Lesson 62 on Being an unintentional agent of change.
Owen’s class was “challenging” to say the least, and their poor teacher tried everything to get through each day without major incident. She prepared mountains of work and activities. She praised good behaviour, she applied the recommended sanctions for bad. When that failed, she raged and threatened. Treats and bribes were withdrawn. The worst offenders were banished to distant corners.
As the days went by, however, I noticed that the class were strangely untroubled by any of this. In fact very little upset them. They only complained in earnest if they actually got hurt. True they made quite a bit of noise and fuss, if someone lunged in their direction, but it was just a ritual response. Only Aaron, the class outcast, got genuinely miserable and cried.
It began to dawn on me that they related to each other by poking and jostling and arguing and shouting out. They had settled into a comfortably familiar pattern of behaviour. At certain points in the day things would escalate into a teacher meltdown. Owen would be banished to the activity area. Jimmy would be ordered to sit in his usual spot in the corridor. Arran would be moved next to Mrs Wise. A modicum of work would be done, till the next distraction simmered to the boil.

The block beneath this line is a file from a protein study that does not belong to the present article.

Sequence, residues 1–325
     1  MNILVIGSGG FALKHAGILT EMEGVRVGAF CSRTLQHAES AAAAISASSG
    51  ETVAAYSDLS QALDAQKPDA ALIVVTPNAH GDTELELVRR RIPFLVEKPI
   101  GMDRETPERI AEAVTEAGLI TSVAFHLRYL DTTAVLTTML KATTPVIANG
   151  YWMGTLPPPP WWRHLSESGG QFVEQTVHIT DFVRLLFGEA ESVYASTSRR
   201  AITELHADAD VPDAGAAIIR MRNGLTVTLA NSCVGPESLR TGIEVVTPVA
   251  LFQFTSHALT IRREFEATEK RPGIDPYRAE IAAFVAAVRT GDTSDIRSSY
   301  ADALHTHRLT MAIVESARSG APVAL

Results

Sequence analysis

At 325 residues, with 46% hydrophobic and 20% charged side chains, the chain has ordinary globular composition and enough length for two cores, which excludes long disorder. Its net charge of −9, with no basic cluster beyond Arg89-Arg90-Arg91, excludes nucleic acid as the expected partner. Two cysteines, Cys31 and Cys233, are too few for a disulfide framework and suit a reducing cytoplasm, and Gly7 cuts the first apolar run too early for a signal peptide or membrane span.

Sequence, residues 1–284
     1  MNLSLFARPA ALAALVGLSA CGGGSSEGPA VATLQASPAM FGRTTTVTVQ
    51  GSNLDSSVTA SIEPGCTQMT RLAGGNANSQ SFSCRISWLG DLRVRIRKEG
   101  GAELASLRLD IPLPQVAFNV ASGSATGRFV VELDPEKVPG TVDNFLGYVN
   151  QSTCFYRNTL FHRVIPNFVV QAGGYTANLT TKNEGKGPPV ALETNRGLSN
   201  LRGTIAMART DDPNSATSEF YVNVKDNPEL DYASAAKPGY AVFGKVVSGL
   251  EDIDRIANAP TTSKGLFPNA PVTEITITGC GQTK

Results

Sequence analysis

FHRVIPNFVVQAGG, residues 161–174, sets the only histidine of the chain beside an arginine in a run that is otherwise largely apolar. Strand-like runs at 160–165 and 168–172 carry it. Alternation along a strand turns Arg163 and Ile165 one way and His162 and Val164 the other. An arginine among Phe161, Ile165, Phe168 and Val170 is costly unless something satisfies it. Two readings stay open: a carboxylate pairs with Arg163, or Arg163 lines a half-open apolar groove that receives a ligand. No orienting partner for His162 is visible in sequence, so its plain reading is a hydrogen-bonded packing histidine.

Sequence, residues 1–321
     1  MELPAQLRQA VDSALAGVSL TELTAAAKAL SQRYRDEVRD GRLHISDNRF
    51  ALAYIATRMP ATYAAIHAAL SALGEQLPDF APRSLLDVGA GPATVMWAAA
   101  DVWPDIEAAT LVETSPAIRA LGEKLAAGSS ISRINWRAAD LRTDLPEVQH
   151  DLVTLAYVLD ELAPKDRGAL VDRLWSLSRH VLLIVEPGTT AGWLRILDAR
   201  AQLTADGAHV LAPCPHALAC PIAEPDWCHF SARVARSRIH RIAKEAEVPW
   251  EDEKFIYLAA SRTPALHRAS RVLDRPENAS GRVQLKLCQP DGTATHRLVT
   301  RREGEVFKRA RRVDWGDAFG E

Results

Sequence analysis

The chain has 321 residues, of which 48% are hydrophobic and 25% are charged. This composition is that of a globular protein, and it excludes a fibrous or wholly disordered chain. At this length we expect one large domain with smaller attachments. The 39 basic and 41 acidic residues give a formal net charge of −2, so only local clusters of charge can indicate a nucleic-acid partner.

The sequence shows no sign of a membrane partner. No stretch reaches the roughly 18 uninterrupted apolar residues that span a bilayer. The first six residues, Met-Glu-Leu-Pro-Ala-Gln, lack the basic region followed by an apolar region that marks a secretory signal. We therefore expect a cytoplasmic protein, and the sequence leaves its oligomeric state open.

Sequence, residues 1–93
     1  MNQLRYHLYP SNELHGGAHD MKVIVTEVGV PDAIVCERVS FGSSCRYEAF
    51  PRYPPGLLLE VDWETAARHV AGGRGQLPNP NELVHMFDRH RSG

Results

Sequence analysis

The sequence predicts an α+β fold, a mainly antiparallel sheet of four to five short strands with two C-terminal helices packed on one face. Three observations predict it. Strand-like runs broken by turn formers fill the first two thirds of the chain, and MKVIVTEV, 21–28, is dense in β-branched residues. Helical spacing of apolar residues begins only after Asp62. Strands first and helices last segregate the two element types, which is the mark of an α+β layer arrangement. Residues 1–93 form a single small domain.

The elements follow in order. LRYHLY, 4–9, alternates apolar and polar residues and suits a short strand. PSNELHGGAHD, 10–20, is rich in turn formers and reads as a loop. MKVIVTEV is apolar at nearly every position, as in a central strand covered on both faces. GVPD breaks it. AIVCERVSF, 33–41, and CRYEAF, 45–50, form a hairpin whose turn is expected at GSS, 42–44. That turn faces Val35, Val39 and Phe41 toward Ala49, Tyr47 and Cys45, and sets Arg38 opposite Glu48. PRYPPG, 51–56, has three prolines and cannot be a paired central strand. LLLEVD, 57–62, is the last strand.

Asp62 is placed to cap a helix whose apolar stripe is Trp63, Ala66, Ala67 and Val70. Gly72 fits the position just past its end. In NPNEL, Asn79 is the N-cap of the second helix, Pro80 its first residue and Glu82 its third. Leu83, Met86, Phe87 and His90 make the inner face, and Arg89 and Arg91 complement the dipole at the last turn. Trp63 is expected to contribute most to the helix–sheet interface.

They were in a routine. It just happened to be the wrong routine, as far as teaching and learning was concerned. It was pupil, rather than teacher, directed.
Threatened with Ofsted and the fear of a fail grade, Mrs Classteacher reacted with ever more desperate strictness. She stopped liking her pupils. It’s very hard to like a class who threaten your employability.
The class knew the score and they clearly felt this relieved them of the obligation to pay any heed to her. There were some individuals who toadied up to her. They must have learnt this to be a useful strategy in dealing with authority figures. The majority, however, seemed to regard her as just another adult cross they had to bear.
One day Mrs Classteacher asked me what I thought of her chances regarding the inspection. I answered as honestly as I could within the bounds of politeness, that they were borderline. There were certain things commonly happening in class that would lead to a straightforward fail.
She was shocked. I think she must have been expecting a more positive response. You can get so used to bad habits that you stop questioning them and the class were little experts in behaviour management. They had conditioned her into going along with their preferred pattern.
She never spoke to me again. After all, I couldn’t cope with the class myself, so what gave me the right to be so harsh a judge? But observers (and Ofsted inspectors in particular) don’t have to be able to do the job themselves. That’s one of the reasons practitioners disparage them. They just have to be able to tick off the required boxes.
Although Mrs Classteacher didn’t speak to me after that, she stopped doing the things I had mentioned. I often wonder if the crafty old head allocated me to Owen’s class in the hopes of just such an outcome.
My services were suddenly and urgently required in another class.